The NFT bubble keeps growing

I wrote a little while ago about the new thing called NFTs and my bafflement that anyone would buy one. But we are seeing them being hyped by celebrities and to my mind, it has all the hallmarks of a bubble, where something of little or no intrinsic value is talked up by famous people as a great new investment. Luke Savage points to a segment in which Paris Hilton and talk show host Jimmy Fallon give what seems like an informercial for NFTs, both having bought two slightly different versions of the same NFT featuring (I kid you not) a cartoon ape wearing dark glasses and a yachting cap.

Celebrities and social media influencers can’t shut up about them. From Serena Williams and Logan Paul to Matt Damon and William Shatner, the NFT craze quickly transcended generations and swept up an eclectic cavalcade of the rich and famous in its wake. (Jimmy Fallon, incidentally, spent more than $200,000 on the Bored Ape NFT that now graces his Twitter profile.) Beeple, name-dropped by Paris Hilton in her Fallon segment, fetched more than $3.5 million in an NFT auction.

Savage says that they are the latest in a long line of highly speculative investments that people are being suckered into.

On its face, buying one can be a bit like buying an original artwork, though with digital usage rights and stored on a blockchain. You can’t, in other words, actually hold it in your hands like a poster or painting. The NFT market being a kind of property rights Wild West, some have been converted into tokens without their author’s knowledge or consent. Still more incredibly, the original media object almost always remains totally accessible to anyone online — essentially rendering the whole premise of exclusivity moot (except in the abstract sense of “bragging rights”).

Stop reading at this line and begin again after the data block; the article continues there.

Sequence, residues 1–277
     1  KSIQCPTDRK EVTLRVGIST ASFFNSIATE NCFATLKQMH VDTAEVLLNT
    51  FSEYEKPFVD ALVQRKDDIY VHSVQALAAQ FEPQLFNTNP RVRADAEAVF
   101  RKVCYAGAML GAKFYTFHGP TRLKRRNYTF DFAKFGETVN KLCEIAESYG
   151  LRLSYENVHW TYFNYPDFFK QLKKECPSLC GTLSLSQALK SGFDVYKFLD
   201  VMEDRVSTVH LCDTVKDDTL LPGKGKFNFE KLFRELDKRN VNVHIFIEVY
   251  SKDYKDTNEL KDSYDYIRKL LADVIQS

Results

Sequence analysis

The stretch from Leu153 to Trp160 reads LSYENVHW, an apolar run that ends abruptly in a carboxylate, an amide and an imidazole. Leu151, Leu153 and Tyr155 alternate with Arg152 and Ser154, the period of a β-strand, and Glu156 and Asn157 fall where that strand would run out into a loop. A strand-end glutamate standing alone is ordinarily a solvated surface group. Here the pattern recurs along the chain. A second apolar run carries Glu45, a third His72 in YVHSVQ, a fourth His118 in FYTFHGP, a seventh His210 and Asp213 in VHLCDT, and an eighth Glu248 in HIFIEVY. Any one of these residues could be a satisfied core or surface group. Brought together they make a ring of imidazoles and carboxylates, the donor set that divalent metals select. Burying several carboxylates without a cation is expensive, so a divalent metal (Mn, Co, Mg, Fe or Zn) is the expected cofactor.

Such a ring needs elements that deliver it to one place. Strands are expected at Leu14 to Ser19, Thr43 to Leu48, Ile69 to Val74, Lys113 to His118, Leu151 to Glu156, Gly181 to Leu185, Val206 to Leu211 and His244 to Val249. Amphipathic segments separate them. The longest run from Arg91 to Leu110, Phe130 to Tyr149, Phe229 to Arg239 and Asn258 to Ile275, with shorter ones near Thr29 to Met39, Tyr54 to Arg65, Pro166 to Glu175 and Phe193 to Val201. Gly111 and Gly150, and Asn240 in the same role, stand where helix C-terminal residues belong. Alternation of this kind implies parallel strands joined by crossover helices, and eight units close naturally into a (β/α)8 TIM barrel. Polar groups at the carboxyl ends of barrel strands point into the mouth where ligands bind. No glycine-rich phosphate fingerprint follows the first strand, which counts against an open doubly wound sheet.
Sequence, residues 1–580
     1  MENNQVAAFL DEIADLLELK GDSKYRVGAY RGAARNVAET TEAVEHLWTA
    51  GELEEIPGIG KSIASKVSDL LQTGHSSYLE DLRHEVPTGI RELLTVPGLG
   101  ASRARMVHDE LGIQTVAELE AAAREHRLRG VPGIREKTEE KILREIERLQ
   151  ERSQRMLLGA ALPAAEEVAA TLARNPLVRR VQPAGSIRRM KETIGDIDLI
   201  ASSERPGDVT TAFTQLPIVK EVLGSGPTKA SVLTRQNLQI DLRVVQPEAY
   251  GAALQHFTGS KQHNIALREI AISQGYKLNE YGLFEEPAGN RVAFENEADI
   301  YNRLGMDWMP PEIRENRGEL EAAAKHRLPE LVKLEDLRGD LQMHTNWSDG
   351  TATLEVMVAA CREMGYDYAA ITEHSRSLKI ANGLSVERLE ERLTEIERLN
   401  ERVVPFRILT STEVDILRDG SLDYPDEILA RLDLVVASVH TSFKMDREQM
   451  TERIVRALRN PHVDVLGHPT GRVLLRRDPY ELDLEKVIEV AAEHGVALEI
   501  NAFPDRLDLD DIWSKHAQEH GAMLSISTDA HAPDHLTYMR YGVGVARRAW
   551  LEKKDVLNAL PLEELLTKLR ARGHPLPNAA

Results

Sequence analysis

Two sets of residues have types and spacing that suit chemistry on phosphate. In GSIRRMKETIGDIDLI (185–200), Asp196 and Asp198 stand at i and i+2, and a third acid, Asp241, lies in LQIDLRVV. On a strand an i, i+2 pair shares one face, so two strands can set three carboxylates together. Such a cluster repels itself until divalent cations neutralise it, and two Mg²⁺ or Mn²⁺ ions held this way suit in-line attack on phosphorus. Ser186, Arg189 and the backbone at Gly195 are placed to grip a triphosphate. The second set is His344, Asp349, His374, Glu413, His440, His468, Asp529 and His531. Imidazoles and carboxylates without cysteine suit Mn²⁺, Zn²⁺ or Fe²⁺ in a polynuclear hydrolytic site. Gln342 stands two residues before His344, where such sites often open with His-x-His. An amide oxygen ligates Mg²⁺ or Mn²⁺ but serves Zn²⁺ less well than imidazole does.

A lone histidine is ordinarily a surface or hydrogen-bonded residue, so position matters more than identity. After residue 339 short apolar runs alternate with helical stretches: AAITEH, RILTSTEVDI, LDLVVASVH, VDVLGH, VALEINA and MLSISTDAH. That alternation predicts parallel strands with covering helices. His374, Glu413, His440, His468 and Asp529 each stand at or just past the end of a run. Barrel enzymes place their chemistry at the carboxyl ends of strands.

In a word, NFTs are bullshit. And, like most forms of bullshit in America — think WeWork, the Fyre Festival, or any number of other venture capital-hatched disruption rackets — they’ve come packaged in a phony populist language of community and an even phonier rhetoric of innovation.

Like cryptocurrency, it’s hard to make a case for their actual use value and, like the very dumbest Silicon Valley startups and multilevel marketing scams, they’re best understood as speculative investments in which a privileged few can wring money from something of no redeeming social benefit. The majority, in fact, are about as useful as trash. As Vulture’s Rebecca Alter put it, most NFTs “are about as valuable as a QR code on a Coke bottle cap that sends you to a dead link to an mp3 download.”

Remember, the item itself has no intrinsic value. Its only value is what people are willing to pay for it. In that sense it is similar to other collectibles except that there is no tangible object that one has exclusive access to.

This whole thing seems to be a way for the wealthy to find new things to own and profit from. Savage quotes Jacob Silverman:

NFTs reflect a view of the world in which anything can be monetized, even if its value is entirely specious. Having exhausted traditional investments like property and stocks — as well as boutique services like concierge doctors or privileged access to the COVID-19 vaccine — the country’s idle elites are now seeking to expand their financial footprint to cover, well, anything to which they wish to lay claim. . . .  It’s the financialization of everything, with practically anything eligible to be tokenized, chopped up into tranches, converted into securities that intrepid day traders could buy and sell.